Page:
The rivalry between China’s top three internet firms – Baidu, Alibaba and Tencent – is well documented. But the contest to challenge their dominance is equally fierce.
After phonemaker Xiaomi completed a fundraising that valued it at more than $40 billion in late 2014, there was talk that it could be the “X factor” in extending the acronym to BATX, with “X” standing for the smartphone challenger.
However, Xiaomi has stuttered over the past two years (see WiC311), and fast-growing LeEco, another pretender to the internet throne, has also fluffed its lines, racing headlong into a liquidity crunch (see WiC345).
The most likely challenger to the big three lacks the rebel aura that tech analysts seem to have expected. Step forward NetEase, one of the China’s oldest internet firms.
In the social media era, the glory days of the ‘portal’ have passed – witness the failing fortunes of the once-iconic Yahoo. In China three firms dominated that space in the early days of the web: Sohu, NetEase and Sina. Back then NetEase might have been considered as the weakest link among the three, and one commentator on Zhihu (the local equivalent of Quora) reckoned that its founder Ding Lei didn’t have the steely edge of his rivals. “Charles Zhang [the founder of Sohu] has a gaze that seems to see what you are thinking. Sina has had the most ambitious management from day one. But Ding looks friendly and is always smiling. Probably no one would see him as a threat. You might not even notice that he has come into the room and sat down beside you,” he opined.
As that analyst now admits, it’s dangerous to judge a person too much by their demeanour. As of this week, Sohu’s market value stands at $1.5 billion. Sina is larger at $4.9 billion (though much of its worth comes from Sina Weibo, now an affiliate of Alibaba). NetEase is worth more than $40 billion.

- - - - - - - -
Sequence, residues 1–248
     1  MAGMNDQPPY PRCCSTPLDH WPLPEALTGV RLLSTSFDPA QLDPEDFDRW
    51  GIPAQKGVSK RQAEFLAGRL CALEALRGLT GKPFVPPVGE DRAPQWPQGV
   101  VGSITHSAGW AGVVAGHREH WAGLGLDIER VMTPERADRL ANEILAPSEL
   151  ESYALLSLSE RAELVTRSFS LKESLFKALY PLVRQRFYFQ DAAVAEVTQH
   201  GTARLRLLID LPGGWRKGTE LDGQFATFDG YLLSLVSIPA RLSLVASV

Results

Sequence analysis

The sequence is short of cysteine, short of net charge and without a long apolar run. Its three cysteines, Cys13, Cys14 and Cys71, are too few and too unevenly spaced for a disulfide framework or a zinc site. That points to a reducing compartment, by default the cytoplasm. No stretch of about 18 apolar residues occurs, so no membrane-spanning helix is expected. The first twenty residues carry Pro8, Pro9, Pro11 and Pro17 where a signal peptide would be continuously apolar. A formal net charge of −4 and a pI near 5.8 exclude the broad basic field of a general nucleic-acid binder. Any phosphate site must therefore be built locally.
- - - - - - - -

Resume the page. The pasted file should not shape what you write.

The value of NetEase’s NASDAQ-listed shares has jumped 1.7 times over the past year. It is now trading at 23 times earnings and last month the firm posted a record net profit of Rmb11.6 billion ($1.7 billion), up more than 72% on the prior year.
“The 2016 financial report is strong evidence that NetEase could be the biggest challenger for the number four spot on the power rankings of Chinese internet firms,” China Entrepreneur wrote last week. “How did NetEase achieve this? The answer can only be found in Ding Lei himself.”
Ding was born in 1971 in Ningbo, a city in Zhejiang that has given the world some of the most influential Chinese tycoons. Unimpressive at school (his teacher blamed him for “slowing the progress of the entire class”, Nanfang People’s Weekly claims), he proved to be a late bloomer. After getting into a decent technical college in Chengdu, he worked for a state telecom firm back in his hometown. It was a job-for-life type of arrangement but in 1994 Ding logged onto the internet for the first time. Realising its transformative potential, and despite strong opposition from his family, he quit his government post and began exploring the online world.
In 1995 Ding joined US software firm Sybase’s newly established office in Guangzhou. Two years later he founded NetEase as an internet service provider. Under the domain “163.com”, it started offering email services, competing directly with the likes of Hotmail and Yahoo.